Articles Discussing Case:
FordHarrison LLP • April 26, 2017
Executive Summary: In a landmark decision overruling decades of precedent, the Seventh Circuit en banc declared that sexual orientation discrimination violates Title VII in Hively v. Ivy Tech Community College. This comes as the first decision of its kind. The Seventh Circuit’s decision was followed by a Second Circuit panel decision days later in Zarda v. Altitude Express reaffirming its recent holding in Christiansen v. Omnicom that the long-held view that sexual orientation is not considered to be a protected class under Title VII remains good law. It is now unquestionable that the Circuits have split on the matter.
Jackson Lewis P.C. • April 06, 2017
Observing that it would require “considerable calisthenics” to remove “sex” from “sexual orientation,” the U.S. Court of Appeals for the Seventh Circuit, in Chicago, has ruled that “discrimination on the basis of sexual orientation is a form of sex discrimination” and unlawful under Title VII of the Civil Rights Act of 1964.
Phelps Dunbar LLP • April 06, 2017
For the first time ever, a federal appeals court has held that Title VII of the Civil Rights Act of 1964 (“Title VII”) protects against sexual orientation discrimination in employment. In the groundbreaking decision, the United States Court of Appeals for the Seventh Circuit, based in Chicago, held that gay and lesbian workers, and by extension, others in the LGBT community, can sue employers for discriminatory employment actions based on their sexual orientation.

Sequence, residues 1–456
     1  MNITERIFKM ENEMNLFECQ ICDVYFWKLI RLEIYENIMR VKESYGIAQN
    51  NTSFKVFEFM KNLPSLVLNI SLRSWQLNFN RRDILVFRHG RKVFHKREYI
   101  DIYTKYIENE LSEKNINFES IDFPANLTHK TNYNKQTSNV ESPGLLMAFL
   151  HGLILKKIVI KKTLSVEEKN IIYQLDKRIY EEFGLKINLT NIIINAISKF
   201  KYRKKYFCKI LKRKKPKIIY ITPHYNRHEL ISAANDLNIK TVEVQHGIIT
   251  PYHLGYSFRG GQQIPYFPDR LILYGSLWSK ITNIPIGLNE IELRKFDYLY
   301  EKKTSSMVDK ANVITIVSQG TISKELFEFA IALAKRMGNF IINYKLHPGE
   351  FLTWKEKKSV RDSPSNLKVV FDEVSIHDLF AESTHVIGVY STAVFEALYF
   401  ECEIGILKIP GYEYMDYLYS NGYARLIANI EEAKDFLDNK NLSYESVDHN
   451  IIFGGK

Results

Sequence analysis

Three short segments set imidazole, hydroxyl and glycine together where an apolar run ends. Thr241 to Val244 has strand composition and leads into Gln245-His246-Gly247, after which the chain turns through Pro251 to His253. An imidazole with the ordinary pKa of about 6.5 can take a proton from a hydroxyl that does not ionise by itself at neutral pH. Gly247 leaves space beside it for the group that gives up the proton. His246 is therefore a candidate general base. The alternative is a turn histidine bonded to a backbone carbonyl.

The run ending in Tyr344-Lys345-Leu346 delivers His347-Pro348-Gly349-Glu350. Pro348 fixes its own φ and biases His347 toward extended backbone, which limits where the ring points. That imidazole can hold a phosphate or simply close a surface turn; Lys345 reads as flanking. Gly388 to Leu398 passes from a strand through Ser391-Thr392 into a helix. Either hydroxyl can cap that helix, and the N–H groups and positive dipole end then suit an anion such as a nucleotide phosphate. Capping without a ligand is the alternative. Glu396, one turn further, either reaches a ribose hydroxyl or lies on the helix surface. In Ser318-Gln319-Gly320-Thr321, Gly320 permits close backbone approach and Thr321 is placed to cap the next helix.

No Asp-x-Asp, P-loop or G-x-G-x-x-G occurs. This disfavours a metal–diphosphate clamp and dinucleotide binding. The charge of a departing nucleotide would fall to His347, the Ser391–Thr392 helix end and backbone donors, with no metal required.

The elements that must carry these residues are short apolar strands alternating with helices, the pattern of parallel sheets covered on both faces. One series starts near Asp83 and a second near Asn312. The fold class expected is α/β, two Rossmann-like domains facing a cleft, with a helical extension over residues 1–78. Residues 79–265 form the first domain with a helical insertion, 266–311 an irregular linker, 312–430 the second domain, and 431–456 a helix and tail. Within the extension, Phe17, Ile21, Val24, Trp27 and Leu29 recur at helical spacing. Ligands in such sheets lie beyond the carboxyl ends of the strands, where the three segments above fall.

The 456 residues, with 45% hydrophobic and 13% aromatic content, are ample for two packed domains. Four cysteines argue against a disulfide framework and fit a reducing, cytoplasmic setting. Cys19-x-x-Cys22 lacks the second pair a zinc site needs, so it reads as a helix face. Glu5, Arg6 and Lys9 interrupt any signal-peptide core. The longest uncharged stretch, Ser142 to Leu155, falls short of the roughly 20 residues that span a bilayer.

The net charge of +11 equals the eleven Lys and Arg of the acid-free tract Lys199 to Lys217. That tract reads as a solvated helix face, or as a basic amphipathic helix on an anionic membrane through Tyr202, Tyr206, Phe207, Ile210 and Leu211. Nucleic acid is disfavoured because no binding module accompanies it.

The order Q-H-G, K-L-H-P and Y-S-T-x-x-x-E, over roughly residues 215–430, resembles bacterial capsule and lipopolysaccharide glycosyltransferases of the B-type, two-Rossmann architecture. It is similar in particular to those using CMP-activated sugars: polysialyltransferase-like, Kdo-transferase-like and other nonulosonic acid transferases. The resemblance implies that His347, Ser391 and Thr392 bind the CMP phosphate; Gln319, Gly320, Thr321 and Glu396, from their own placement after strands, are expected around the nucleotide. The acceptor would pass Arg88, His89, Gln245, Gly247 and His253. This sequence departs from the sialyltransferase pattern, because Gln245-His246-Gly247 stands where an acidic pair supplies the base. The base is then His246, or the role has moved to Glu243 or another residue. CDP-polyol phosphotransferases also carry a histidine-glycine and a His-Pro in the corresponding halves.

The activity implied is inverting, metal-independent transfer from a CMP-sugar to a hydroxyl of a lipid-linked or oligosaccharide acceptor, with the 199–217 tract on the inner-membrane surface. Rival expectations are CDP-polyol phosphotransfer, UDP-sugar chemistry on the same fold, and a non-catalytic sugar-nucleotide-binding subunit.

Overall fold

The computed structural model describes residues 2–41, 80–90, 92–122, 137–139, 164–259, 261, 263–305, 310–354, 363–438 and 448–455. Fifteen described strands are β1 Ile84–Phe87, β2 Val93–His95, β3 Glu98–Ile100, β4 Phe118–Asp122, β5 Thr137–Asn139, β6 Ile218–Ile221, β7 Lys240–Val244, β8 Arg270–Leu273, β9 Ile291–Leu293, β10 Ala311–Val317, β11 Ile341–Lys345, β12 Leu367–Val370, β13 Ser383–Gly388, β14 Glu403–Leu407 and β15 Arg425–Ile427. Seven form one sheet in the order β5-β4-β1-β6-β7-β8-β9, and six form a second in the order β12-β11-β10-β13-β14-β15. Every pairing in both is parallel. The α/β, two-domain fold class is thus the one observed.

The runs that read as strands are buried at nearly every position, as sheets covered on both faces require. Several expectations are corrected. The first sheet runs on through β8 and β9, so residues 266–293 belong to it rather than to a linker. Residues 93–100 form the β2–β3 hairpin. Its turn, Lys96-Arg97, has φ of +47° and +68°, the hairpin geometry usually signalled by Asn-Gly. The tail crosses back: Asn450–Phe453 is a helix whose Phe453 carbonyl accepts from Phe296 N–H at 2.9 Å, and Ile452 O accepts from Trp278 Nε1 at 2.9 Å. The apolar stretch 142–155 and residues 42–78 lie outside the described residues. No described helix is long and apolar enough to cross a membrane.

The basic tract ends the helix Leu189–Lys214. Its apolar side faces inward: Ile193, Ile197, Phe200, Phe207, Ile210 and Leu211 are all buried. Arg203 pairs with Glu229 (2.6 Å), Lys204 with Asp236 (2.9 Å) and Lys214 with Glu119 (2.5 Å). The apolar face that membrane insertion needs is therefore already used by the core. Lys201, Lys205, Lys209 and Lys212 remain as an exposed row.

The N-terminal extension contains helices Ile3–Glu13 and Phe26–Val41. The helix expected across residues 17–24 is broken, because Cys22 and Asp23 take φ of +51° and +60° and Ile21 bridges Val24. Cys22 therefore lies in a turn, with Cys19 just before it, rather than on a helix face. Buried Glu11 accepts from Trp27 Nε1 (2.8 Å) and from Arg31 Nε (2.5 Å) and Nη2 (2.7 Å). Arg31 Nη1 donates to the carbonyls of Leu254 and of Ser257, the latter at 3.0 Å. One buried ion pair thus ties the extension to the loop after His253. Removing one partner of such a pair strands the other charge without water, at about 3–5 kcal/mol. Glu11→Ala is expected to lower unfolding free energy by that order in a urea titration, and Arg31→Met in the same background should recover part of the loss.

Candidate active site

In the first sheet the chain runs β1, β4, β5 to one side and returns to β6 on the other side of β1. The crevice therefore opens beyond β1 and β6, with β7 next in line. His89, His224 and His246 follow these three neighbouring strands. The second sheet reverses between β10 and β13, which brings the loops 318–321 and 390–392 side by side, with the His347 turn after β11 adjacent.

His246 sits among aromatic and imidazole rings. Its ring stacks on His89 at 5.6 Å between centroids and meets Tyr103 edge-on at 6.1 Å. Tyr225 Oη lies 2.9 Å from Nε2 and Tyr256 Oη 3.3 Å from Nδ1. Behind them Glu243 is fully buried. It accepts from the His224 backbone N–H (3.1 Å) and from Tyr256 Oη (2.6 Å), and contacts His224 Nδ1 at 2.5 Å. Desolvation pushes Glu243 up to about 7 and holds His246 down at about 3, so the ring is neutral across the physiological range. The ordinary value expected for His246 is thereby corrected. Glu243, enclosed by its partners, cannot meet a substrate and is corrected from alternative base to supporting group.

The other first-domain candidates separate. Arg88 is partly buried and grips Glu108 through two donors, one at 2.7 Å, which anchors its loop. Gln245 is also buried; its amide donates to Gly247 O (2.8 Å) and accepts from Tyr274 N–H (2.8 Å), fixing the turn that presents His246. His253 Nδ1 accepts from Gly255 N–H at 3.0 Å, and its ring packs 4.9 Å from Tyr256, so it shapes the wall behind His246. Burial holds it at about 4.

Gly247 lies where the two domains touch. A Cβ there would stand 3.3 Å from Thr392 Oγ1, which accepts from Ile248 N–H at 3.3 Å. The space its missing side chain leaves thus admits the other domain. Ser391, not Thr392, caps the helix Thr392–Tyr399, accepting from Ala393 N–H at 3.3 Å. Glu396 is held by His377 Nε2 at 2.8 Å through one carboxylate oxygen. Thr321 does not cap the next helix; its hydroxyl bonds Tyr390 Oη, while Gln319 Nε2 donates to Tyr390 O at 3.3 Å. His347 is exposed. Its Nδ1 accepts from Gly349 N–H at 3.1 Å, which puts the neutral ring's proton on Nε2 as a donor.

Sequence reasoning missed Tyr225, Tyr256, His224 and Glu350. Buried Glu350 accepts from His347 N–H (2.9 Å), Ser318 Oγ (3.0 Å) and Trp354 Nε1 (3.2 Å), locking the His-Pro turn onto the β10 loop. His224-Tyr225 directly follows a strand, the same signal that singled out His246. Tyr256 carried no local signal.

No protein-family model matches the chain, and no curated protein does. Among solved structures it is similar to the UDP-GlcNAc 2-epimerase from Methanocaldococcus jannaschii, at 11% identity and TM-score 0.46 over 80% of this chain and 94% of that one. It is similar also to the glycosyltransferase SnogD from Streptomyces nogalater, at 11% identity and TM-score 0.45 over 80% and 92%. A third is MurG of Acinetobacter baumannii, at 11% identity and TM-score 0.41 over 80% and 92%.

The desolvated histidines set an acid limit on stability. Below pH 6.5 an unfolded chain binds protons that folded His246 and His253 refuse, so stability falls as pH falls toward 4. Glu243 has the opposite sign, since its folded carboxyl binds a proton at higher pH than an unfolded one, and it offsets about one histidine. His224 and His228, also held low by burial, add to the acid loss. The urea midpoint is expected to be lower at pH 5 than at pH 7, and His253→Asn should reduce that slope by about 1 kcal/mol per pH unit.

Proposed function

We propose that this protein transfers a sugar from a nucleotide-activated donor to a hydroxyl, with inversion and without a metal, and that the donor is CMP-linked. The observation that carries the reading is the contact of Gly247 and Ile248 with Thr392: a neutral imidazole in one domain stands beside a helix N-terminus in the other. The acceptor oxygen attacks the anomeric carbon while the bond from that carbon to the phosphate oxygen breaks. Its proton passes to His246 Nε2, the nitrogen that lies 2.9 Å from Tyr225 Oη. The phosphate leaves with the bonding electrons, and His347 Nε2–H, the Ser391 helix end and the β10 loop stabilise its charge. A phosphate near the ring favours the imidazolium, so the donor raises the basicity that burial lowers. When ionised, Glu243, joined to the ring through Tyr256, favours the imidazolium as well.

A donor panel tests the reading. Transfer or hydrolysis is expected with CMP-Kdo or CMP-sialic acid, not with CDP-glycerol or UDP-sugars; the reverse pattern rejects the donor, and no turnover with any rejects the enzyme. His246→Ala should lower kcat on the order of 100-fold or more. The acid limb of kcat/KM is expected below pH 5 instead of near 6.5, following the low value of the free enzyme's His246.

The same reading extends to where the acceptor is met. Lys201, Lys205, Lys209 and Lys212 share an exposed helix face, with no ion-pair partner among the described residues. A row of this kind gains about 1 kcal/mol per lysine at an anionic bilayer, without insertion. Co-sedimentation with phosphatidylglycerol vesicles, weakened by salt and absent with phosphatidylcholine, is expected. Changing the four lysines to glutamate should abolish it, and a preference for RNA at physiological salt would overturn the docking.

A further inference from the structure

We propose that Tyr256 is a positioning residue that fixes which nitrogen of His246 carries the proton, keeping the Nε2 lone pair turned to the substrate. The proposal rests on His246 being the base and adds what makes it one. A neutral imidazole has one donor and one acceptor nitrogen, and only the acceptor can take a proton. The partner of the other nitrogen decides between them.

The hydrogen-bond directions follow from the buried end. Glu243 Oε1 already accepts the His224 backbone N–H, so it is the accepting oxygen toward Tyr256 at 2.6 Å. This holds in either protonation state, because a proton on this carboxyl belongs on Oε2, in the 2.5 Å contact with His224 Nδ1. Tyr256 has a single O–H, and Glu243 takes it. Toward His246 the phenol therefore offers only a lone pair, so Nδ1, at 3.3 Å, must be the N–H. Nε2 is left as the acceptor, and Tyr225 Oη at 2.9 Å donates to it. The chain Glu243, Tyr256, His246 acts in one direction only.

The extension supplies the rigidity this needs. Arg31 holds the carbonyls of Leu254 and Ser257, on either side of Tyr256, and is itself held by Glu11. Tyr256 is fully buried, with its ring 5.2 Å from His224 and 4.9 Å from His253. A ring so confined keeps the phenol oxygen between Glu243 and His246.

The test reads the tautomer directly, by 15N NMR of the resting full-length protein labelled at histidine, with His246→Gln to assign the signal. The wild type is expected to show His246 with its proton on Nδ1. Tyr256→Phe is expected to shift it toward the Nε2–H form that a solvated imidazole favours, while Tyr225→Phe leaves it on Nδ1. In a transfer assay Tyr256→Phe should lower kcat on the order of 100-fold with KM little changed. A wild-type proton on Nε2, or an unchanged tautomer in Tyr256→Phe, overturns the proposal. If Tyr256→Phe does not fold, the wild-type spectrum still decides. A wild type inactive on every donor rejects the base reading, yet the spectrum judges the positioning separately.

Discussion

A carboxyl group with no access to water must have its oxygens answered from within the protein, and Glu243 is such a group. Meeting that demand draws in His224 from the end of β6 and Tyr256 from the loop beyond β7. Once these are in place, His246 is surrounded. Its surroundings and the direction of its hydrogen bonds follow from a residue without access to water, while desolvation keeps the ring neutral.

Littler Mendelson, P.C. • April 06, 2017
On April 4, 2017, the U.S. Court of Appeals for the Seventh Circuit held in Hively v. Ivy Tech Community College of Indiana that discrimination on the basis of sexual orientation is a form of sex discrimination under Title VII of the Civil Rights Act of 1964. This is the first time a federal appellate court has so held.
Ogletree Deakins • April 06, 2017
On April 4, 2017, the Seventh Circuit Court of Appeals issued its highly anticipated en banc decision in Hively v. Ivy Tech Community College of Indiana, making the Seventh Circuit the first federal appellate court to find that sexual orientation is encompassed in Title VII of the Civil Right Act of 1964’s definition of sex.
Fisher Phillips • April 05, 2017
Late yesterday, the 7th Circuit Court of Appeals became the first federal court of appeals in the nation to rule that sexual orientation claims are actionable under Title VII. In a full panel en banc decision, the court opened the door for LGBT plaintiffs to use Title VII to seek relief for allegations of employment discrimination and retaliation.
FordHarrison LLP • October 21, 2016